One of the mysteries of the English language finally explained.
The smallest size of grand piano, about 1.5 metres long.
- ‘Still in 1910, 139,000 teachers were teaching Americans how to play on parlor pianos, uprights, baby grands and grands.’
- ‘My own KTV system, a baby grand, and hell, let's have a dance floor too, complete with DJ console.’
- ‘There is a bit of poetic licence there, but McGough really was at Paul McCartney's house in St John's Wood when he sat down at the baby grand and played ‘Hey Jude’ for the first time.’
- ‘These baby baby grands and tiny spinets produce three octaves from hammers hitting metal rods.’
- ‘The mother is next to the baby grand, the father next to the home theatre system, the brother next to his computer.’
- ‘The play, about piano tuners and a Steinway baby grand, is an absurd piece [hopefully] in the vein of Ionesco.’
- ‘For those seeking a similar look, without the major investment, baby grands are available at prices ranging from $20,000 to $40,000.’
- ‘Gone is the mahogany baby grand, gone is the tastefulness.’
- ‘That woman was an accomplished pianist who spends her little leisure time playing Brahms on the baby grand given to her by her late parents.’
- ‘But why not get moody first in the lounge where a slinky torch singer holds court over a baby grand a la Dietrich or Garland.’
- ‘Even though he may have played you like a baby grand, getting out of a relationship with a ladies' man is no easy proposition.’
- ‘The launch of the baby grand will be held in St Patrick's College, Carlow in association with the Carlow Performing Arts Centre working group on Thursday, October 9 at 8pm.’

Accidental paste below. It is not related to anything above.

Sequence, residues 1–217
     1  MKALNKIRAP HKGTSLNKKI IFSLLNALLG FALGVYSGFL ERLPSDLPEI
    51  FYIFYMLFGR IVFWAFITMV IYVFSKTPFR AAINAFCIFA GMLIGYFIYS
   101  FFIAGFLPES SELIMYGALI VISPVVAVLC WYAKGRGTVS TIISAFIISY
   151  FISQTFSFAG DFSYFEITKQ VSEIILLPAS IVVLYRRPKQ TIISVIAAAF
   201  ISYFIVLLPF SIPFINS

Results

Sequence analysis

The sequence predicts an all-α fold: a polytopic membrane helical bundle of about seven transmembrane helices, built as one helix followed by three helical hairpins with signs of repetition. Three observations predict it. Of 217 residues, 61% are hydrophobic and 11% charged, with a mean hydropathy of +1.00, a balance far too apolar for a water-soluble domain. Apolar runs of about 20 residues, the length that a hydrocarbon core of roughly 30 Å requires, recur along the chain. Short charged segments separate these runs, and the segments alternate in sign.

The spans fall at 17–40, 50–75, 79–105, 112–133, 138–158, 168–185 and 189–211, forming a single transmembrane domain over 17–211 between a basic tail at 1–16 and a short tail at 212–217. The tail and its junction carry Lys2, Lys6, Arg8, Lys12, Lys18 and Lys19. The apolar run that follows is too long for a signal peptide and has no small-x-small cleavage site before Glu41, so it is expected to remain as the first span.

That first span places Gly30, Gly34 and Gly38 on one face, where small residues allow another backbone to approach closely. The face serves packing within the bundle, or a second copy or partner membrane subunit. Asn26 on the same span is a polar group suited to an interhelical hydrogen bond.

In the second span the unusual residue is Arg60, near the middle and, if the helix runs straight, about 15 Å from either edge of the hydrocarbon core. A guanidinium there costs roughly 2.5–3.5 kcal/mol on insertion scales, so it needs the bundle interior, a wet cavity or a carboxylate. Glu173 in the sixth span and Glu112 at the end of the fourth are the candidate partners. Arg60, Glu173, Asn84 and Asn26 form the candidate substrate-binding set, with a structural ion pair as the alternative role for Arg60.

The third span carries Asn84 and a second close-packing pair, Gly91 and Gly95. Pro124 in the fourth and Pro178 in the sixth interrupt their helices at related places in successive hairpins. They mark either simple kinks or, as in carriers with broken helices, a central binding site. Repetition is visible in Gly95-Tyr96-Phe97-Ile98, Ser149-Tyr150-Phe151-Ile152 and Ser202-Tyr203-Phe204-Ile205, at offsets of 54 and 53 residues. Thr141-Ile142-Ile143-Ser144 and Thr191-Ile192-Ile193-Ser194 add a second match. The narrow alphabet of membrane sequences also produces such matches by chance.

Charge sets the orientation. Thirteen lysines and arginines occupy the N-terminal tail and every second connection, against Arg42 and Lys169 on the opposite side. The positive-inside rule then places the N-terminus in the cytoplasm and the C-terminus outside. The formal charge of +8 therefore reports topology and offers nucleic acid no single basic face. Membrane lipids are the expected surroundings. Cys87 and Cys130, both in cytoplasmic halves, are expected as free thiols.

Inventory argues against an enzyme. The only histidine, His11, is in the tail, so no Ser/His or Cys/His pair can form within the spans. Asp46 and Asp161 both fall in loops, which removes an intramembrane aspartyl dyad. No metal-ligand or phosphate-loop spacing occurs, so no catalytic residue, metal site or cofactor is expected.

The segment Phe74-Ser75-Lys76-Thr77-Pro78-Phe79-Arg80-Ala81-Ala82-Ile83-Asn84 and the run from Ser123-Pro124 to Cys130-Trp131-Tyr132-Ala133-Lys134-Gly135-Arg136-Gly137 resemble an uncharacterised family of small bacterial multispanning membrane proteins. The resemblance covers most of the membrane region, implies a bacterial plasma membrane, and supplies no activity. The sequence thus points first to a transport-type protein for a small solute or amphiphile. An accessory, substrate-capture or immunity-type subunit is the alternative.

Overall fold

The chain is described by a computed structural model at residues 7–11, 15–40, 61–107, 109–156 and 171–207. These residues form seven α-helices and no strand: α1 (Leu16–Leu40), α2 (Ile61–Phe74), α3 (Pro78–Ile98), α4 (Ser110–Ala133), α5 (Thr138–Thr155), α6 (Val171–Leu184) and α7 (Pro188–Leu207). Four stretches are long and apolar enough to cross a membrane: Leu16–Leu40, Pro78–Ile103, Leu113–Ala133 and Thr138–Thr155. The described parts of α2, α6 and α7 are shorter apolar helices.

- ‘Stricken with polio at six, he lived in the only Brooklyn block with an elevator, in an apartment where a baby grand was the only decent piece of furniture.’
- ‘You told me once he taught you, on the baby grand in your living room.’
- ‘They refurbished the original tin ceilings and wood floors of the space, and added French doors, as well as a separate chamber where a local teacher now gives lessons on a baby grand.’
- ‘Mounted on the baby grand was an anodized-aluminum monstrosity of twisted ribbons of sheet metal, each of the strips tapering down to a thin wire from which dangled a replica of a tropical fish.’
- ‘A 35-year-old man is standing on a baby grand wearing a top hat made of playing cards and sporting a white silk scarf over his short-sleeved shirt.’
- ‘‘I put in my prize money, and she got a baby grand,’ he recalls.’
- ‘I stood up slowly, taking the sheet music off the baby grand's music rack, and placing them first into their corresponding folder and then into my faithful shoulder bag.’
- ‘Two years ago, the eccentric explorer John Blashford-Snell delivered a baby grand to a remote Amazonian tribe who'd had little contact with ‘civilisation’.’
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